“As human beings, our greatness lies not so much in being able to remake the world – that is the myth of the atomic age – as in being able to remake ourselves.” Ghandi
Once we decide to make a change, be it with our yearly resolutions or at some other time I believe that we set ourselves up for failure.
We try to change others
When it comes to change I believe that if I desire to change my outside world I MUST change my inside world. I must change myself. Typically when we see a change we would like to make we focus on the change itself. For example if I have an issue in my marriage it’s him right?
I have found that by focusing on me and who I want to become the issues with him magically disappear. I’ve been baffled by this. I cannot explain why after 30 years of trying to get him to stop something or do something and if anything it got worse that now it’s gone – like magic and all I did was stop trying to change him and instead change myself.
This is related to the one above. By focusing on yourself and what you can do to become better you have power. You can change how “you” think, not how he think, you can change what “you” do, you can’t change what they do. You can change how you act, react, think, live. You have none of this power over any other person. I learned this the hard way.
We look at failure wrong
We think failure is bad. We say “I” failed, we personalize it in such a way that it immobilizes us in our journey forward.
Failure is a teacher and one of the best ones out there.
As an inventor, Edison made 1,000 unsuccessful attempts at inventing the light bulb. When a reporter asked, “How did it feel to fail 1,000 times?” Edison replied, “I didn’t fail 1,000 times. The light bulb was an invention with 1,000 steps.”
One of the best stories i’ve heard on defining failure comes from the CEO of Spanx Sara Blakely. Her dad taught her to celebrate failure. Watch here
We are motivated by negative emotions
As I write this we are 31 days from Jan 1st. Another year has passed and it’s time to start to think about my New Years Resolutions right?
How many times at the end of the year do we look at what we haven’t accomplished that year and use that to try to motivate us to do it better next year. We try to motivate our self by kicking ourselves and talking about what we didn’t accomplish this year, instead of sitting down and celebrating what we did accomplish over the past year and create out resolutions and our change from the emotion of accomplishment.
You wonder why so many people drop out of the gym at the end of Jan every year? Why new years resolutions are left by the side of the road typically no later then the end of Feb. When we use negative emotions to try to create a positive result it will not happen. Negative is not a motivator.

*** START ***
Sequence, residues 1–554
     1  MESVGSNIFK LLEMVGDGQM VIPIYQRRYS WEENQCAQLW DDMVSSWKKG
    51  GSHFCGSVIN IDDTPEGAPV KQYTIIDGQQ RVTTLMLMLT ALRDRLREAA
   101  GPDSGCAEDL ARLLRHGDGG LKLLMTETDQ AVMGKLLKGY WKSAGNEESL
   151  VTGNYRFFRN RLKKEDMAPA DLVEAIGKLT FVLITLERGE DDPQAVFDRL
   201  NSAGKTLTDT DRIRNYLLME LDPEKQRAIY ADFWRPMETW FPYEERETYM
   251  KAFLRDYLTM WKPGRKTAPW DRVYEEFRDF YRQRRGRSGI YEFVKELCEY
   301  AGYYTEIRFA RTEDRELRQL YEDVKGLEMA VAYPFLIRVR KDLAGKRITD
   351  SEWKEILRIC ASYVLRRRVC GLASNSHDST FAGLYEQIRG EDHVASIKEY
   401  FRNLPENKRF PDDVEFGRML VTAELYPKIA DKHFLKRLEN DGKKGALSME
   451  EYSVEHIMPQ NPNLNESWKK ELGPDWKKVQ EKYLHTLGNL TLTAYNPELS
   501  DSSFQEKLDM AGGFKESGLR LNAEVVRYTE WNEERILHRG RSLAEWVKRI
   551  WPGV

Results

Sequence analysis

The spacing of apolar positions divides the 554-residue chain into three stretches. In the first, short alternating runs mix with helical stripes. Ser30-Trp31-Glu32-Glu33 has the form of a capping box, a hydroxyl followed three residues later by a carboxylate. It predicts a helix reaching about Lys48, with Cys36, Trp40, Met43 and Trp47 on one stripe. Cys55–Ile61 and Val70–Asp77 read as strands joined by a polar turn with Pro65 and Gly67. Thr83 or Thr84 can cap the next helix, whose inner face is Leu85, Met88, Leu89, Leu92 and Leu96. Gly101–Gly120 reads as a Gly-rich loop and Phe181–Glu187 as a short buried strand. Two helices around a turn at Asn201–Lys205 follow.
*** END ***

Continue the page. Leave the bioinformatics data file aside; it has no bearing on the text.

We try to eat the entire elephant
I am a whole idea thinker. Before I start anything I can see it in my mind from start to finish. This is an amazing gift but for me it is paralyzing. I suddenly went from an idea to an entire elephant sitting in the room with me. I look at it, I walk around it, I poke it and then I sit down and become overwhelmed by the enormity of it.
How on earth can I do “that?” Have you seen how big it is? In Brian Tracy’s book “Eat That Frog” he talks about “taking it one oil barrel at a time.” This is a metaphor from the Sahara Desert. So many people have become lost and died there that they placed 55 gallon oil drums every 5 miles – the length of the horizon.
As long as you can see the next oil barrel you don’t have to worry about what lies beyond. I like this analogy better then the elephant one – mostly because I hate the thought of eating an elephant and secondly how exactly do you do that?
Would I be in the room still seeing the whole elephant and cutting off a piece here and there or would I be in another room and someone bring me a piece? Would they kill the elephant first? Would they give him a local (you know the whole insurance same day surgery thing right?) or would they put him out? Auughh there is no easy answer to this question so I must go with the oil barrels!
I told you I see whole picture!
By limiting myself to only thinking about arriving at the next barrel, especially in a desert, I can focus on task at hand that one step that will get me to the horizon and ultimately to my goal.
We neglect the tool box
We head in change with our desires and determination but what tools do we bring with us? Our we clear on our purpose for this change?
Have we clearly created the vision of what this change looks like. Every change should start with a blue print in order to help us be successful. A vision of what the end result looks like. Having this in mind as we start is a powerful tool.
Using this vision we can quickly and esaily define those areas of our life where we “need more information” in order to accomplish this goal. For example if the goal is to loose weight and we know with clarity what we want, but maybe don’t have all the knowledge to accomplish it. The vision step helps us become secure in what knowledge we need to create success.
Are we willing to change our way of thinking? Are we willing to create change through the words we say to ourselves. Creating and using declarations is the best form of auto suggestion that I can think of.
Have we put positive emotion around our new goals? Do we have excitement and anticipation around this goal, enough to at least launch us?
These are all mistakes I have made when trying to create change. I have been totally unprepared to go into this with everything I need personally to succeed. So this year I’m going to start right – I’m going to have an accomplishment party